As the professional offence takers at News Corp and elsewhere bring themselves to repeated rage-gasms over the vandalism of Captain Cook statues and the removal of Chris Lilley in blackface from streaming platforms, they ignore, more or less entirely, the incalculably more important obliteration of cultural heritage taking place in the Australian desert.
A few weeks ago Rio Tinto dynamited the Juukan rock shelters, destroying, in a few minutes, a site of human occupation dating back more than 40,000 years. Gone with the Wind remains available online (Google it!) despite HBO Max’s decision to (temporarily) drop it. But the caves – described as “staggering” by scientists who worked on them – have been ruined for all time.
In a hundred years, when no one remembers whether or not Jonah from Tonga could be downloaded from the ABC, the destruction of the rock shelters will remain an unhealed wound.
Furthermore, as the archaeologist Dr Kathryn Przywolnik says, their ruination wasn’t anomalous but typical of mining giants’ treatment of Indigenous heritage. She lists 36 significant sites excavated in Eastern Guruma country over the last decade.
Twenty-five of them, she says, have since been wiped out.
Indeed, before the outcry against Rio, BHP had been scheduled to demolish 40 sites treasured by the Banjima people in the Pilbara.
The ongoing disrespect shown to Indigenous heritage reflects precisely the racism highlighted by the rallies taking place all over the world. Had Rio Tinto blown up Saint Paul’s cathedral its executives would be in jail. The insouciance with which the company (entirely legally) demolished caves cherished by the Puutu Kunti Kurrama landowners illustrates what does and doesn’t matter to some of the most powerful men in Australia.
Locations such as the Juukan sites possess a special significance to the local people who have maintained a connection with them over thousands of years. But, like the ruins of Rome, they’re treasures for all of humanity, enabling us to discover profound truths about our species stretching back into deep time.
If an Italian company demolished the Colosseum, we’d all be outraged, correctly judging the desecration a crime against the human spirit. Yet, with a few honourable exceptions, the commentators most obsessed by monuments have shown no concern at all about Rio Tinto’s vandalism.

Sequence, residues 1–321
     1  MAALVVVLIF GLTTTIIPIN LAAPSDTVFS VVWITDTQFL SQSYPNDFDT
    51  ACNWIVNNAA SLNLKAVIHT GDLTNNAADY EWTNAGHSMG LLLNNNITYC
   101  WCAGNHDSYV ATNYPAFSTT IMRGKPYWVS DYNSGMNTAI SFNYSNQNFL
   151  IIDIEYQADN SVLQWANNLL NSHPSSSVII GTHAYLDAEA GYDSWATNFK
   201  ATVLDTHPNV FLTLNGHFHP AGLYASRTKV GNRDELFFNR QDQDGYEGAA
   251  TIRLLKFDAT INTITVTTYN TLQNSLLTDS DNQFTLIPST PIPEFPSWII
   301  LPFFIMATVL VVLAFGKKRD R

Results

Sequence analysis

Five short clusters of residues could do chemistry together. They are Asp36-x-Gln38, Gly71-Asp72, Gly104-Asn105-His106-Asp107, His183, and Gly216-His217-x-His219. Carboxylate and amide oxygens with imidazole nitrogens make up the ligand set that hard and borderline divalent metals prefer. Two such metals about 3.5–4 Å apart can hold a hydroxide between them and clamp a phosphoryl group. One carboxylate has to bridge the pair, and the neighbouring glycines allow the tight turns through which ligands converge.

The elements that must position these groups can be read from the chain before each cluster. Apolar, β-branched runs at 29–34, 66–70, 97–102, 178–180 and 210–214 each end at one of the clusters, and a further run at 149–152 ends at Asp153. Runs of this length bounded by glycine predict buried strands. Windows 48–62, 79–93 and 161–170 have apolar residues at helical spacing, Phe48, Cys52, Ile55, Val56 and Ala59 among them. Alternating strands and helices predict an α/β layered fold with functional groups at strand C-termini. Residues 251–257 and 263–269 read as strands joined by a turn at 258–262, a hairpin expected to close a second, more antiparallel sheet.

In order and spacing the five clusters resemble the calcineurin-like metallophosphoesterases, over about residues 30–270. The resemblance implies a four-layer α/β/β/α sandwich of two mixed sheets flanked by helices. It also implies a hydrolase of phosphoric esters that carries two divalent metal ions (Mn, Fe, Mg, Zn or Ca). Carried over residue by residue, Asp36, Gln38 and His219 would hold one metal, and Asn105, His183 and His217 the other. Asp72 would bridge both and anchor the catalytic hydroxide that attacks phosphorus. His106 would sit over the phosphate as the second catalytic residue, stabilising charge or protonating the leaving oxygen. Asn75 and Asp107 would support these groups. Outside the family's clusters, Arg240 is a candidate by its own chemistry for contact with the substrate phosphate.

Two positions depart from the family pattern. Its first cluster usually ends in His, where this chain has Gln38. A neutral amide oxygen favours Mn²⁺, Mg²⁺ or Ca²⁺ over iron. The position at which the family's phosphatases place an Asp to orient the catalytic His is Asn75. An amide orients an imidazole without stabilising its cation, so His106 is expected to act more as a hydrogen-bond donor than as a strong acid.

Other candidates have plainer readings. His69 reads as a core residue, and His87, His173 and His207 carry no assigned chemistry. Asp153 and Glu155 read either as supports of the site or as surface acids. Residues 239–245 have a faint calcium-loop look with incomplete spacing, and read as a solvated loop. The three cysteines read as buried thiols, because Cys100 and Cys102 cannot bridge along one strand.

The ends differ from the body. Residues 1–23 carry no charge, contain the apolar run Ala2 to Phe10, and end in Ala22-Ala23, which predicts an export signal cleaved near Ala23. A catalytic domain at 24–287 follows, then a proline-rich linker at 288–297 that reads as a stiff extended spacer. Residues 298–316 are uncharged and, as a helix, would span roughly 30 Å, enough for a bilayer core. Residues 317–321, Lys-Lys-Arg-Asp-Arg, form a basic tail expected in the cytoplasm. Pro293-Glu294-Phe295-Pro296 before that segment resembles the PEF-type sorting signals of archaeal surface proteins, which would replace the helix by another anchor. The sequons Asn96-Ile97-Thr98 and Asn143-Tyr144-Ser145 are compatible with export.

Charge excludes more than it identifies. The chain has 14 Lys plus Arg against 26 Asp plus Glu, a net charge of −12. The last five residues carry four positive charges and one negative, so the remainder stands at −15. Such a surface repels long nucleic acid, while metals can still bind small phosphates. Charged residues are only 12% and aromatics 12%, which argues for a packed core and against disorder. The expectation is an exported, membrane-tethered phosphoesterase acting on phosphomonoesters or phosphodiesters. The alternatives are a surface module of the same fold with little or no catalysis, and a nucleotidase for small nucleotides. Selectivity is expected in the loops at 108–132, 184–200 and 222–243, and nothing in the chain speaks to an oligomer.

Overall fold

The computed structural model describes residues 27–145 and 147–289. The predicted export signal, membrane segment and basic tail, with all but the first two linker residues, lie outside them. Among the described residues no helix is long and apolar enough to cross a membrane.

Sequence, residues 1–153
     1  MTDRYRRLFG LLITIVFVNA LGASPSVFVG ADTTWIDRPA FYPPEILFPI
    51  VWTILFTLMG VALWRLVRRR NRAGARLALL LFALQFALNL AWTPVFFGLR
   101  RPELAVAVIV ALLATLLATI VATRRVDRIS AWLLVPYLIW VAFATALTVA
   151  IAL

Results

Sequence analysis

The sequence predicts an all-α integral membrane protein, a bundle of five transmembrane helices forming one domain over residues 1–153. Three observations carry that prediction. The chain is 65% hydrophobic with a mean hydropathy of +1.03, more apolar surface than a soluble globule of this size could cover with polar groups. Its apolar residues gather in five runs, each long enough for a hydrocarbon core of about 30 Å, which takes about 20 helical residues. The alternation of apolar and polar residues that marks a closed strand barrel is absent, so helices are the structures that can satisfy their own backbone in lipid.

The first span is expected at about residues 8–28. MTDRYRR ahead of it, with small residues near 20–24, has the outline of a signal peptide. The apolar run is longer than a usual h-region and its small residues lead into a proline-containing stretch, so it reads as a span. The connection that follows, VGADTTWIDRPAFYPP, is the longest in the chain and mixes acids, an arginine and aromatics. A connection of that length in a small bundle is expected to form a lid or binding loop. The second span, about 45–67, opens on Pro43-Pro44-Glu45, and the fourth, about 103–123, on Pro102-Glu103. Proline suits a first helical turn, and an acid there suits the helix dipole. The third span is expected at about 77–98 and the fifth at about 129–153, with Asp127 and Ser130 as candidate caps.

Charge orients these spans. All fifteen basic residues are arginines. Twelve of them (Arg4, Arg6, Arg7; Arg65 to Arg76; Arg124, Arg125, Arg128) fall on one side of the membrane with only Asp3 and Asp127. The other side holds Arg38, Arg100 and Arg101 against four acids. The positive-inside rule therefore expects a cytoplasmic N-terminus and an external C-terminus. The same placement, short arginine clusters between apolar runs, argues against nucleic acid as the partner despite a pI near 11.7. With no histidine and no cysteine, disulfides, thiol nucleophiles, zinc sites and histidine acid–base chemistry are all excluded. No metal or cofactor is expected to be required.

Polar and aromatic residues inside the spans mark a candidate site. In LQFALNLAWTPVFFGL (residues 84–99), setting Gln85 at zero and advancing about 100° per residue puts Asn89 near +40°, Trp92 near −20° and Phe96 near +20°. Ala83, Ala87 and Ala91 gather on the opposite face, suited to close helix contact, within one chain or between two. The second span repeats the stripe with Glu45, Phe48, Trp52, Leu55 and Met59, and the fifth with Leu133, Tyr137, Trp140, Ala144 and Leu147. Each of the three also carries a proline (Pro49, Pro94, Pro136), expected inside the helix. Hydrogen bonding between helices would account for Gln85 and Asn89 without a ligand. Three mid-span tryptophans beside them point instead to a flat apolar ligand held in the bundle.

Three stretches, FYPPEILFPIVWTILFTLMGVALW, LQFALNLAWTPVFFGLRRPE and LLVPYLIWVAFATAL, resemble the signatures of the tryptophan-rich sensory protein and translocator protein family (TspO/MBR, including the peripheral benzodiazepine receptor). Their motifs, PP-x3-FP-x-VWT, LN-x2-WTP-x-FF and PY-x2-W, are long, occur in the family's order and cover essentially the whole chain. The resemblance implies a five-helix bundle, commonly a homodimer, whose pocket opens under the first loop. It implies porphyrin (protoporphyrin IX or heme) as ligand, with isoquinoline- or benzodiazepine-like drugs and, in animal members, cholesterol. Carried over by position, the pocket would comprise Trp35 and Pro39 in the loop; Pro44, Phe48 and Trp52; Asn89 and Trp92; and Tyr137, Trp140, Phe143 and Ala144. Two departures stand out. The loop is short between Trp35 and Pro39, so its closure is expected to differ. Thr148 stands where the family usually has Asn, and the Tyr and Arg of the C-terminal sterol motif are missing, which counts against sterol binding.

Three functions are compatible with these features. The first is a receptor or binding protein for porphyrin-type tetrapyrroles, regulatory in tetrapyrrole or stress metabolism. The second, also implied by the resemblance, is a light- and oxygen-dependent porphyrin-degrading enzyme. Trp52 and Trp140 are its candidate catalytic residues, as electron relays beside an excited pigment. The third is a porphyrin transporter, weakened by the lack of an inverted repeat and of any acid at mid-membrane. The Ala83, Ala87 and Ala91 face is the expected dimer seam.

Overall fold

In fact, for all its teary apologies, Rio itself still believes it did nothing wrong. It’s got a business to run and the caves got in the way. Resources equal money, and money trumps culture.
An older generation of conservatives lauded tradition, custom and family as ends in themselves. Robert Menzies could, perhaps, have mounted a credible Arnoldian defence of high culture but, for years now, the Australian right’s been fundamentally committed to a free market in which value only registers as monetary price.
As a result, when a culture warrior taps out highfalutin prose about heritage and history, one thinks of a chimpanzee sporting a top hat and monocle.
If, for instance, you wanted to study the literary classics that Menzies venerated, where, precisely, would you go? The universities no longer offer old-fashioned liberal arts courses, not because of political correctness gone mad but because higher education now functions primarily as a commercial enterprise, assiduously separating overseas students from their savings.
Similarly, as Gladys Berejiklian threatens new penalties for those who menace statues, New South Wales entirely lacks any stand-alone Indigenous heritage legislation. Last year, for instance, light rail construction destroyed an Indigenous site in Sydney from which more than 2,400 artefacts had been unearthed.
Again, that’s not surprising, given the willingness of successive governments to cosy up to rapacious developers, assiduously tearing down history of any kind. The architect Philip Thalis has noted how privatisation and the dilution of heritage codes were transforming Sydney into “a throwaway city of junk buildings”.
It’s not just NSW, either. A few years ago one expert estimated that Australia lost 800 historically significant houses each and every week as developers turned them into apartments.
That’s what makes the statue debate so utterly cynical.
If you care about such things, you’ll know that the relentless mediocrity of most Australian public statuary isn’t a coincidence. Milan Kundera describes how kitsch in eastern Europe (a region that knew something about monuments) functioned to give all answers in advance and to preclude any questions. On precisely that basis, avant garde or experimental sculptors rarely got a gig when Australian politicians commissioned statues of explorers. The authorities didn’t want interesting art; they wanted didactic national statements carved out of stone and they chose accordingly.
If our pundits genuinely worried about public culture, they’d be lobbying to support sculptors and other artists impoverished by the coronavirus so that we might end up with street art that’s better (both politically and aesthetically) in the future.
But, of course, they don’t and they won’t. They care as little about western art as they do about Indigenous heritage – unless and until it’s useful to score political points.
The real threat to culture in Australia doesn’t come from a few protesters daubing paint on Captain Cook. It comes from an economic system in which human values possess no monetary worth, as the fate of the Juukan caves shows.